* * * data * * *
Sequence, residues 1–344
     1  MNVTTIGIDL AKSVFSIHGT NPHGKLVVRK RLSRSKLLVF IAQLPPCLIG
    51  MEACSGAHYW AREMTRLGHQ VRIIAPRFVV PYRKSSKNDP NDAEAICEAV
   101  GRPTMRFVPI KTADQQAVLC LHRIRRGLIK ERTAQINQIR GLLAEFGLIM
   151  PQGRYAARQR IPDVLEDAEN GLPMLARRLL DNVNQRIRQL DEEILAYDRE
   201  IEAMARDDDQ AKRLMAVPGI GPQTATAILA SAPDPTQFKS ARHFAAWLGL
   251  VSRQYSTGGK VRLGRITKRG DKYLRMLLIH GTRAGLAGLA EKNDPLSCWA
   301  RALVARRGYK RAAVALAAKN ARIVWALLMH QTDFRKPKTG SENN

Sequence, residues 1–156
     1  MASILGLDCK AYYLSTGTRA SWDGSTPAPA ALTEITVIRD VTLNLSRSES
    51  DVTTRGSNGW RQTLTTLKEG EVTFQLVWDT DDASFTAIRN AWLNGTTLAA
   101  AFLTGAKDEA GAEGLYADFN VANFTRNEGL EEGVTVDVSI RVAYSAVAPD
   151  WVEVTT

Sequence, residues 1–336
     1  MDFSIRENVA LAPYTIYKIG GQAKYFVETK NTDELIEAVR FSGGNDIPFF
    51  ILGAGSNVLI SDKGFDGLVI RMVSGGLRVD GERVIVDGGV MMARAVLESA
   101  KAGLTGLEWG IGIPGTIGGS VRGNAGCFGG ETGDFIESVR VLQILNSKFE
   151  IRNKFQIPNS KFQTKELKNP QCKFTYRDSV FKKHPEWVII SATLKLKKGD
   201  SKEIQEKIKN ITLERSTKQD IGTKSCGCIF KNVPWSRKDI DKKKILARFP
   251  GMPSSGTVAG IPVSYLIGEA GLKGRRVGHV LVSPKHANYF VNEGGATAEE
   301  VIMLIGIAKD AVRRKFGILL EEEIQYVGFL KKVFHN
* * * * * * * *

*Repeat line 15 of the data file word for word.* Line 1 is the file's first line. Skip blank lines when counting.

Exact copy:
     1  MDFSIRENVA LAPYTIYKIG GQAKYFVETK NTDELIEAVR FSGGNDIPFF